The depressed transaction values we saw over 2023 actually allow for prices to stay subdued for now, and the closer we get to rate cuts, the closer we get to activity increasing in the market. We fully expect to see the market start to grow again in Q3 and Q4. We also expect to see price hikes once we enter 2025 as the undersupply of homes will then begin to affect the market.

Therefore, we believe it is important to buy now and develop throughout the year, as developers who buy now and sell next year are set to make a profit.

In terms of strategy when bringing a property to the market this year, the best thing to do is to price temptingly at the outset, rather than pricing very high with a great deal of optimism that someone will fork out the extra pennies. By avoiding reducing your asking price later you will find people willing to snap up properties for what you want instead of waiting the market out in hopes that prices begin to hike.  

Yes, it may seem all doom and gloom currently, but there is light at the end of the tunnel as out of a negative often comes a positive. 

The view that 2024 will be a year of greater prosperity than before is further enforced by the figures we are starting to see coming out of the construction industry, with the downturn that we saw over the last year or so has started to ease. The December figures show that there was the slowest decline in construction that we have seen since the decline started in September. 41% of construction firms predict a rise in 2024, whereas only 17% of firms forecast a continued decline.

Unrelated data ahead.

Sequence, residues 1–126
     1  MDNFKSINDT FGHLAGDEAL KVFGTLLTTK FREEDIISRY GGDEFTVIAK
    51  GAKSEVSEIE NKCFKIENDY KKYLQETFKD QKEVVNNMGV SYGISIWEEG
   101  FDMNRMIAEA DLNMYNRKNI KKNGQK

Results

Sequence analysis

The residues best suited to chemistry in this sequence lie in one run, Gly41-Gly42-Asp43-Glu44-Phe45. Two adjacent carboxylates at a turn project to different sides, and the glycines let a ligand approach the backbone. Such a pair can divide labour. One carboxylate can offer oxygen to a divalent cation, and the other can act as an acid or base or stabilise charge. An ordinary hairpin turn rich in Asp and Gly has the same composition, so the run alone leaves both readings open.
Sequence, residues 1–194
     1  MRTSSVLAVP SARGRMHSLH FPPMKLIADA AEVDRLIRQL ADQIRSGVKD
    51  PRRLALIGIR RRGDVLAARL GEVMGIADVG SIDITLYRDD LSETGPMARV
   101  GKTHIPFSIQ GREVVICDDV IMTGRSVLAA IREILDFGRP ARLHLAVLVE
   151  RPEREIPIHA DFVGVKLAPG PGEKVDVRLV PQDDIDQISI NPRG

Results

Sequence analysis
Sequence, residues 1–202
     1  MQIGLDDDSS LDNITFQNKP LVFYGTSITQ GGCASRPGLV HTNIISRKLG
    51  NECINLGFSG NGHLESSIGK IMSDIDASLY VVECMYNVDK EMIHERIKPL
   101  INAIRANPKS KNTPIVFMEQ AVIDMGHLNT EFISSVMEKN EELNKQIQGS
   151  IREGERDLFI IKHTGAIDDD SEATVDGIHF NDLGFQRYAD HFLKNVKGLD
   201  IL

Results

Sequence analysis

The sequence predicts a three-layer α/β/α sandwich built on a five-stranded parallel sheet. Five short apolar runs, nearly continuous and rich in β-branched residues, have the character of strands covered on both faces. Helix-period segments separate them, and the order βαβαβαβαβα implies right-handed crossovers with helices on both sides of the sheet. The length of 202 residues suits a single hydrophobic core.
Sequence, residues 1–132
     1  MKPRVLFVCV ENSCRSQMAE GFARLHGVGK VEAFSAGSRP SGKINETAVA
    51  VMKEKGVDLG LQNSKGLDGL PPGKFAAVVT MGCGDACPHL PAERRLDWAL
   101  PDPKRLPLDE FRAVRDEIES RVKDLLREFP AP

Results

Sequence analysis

Another positive view of this year and what the market holds in store is the fact that mortgage rates are starting to decline. Leeds building society and Halifax have started off the year by cutting their mortgage rates by nearly 1%, swiftly followed by HSBC offering five year deals at 3.94%. Other lenders already began cutting their rates around Christmas time, with Barclays reducing their deals by up to 0.43 percentage points. Average mortgage rates have been falling slowly but surely since July, and finally fell below 6% in December for the first time in six months. 

The SONIA swaps show that within this coming year there is now room for lenders to cut their rates even more, and if/when they do so it is likely that more mainstream banks and building societies will follow suit and come the middle of the year they will be fighting it out to offer the cheapest rates.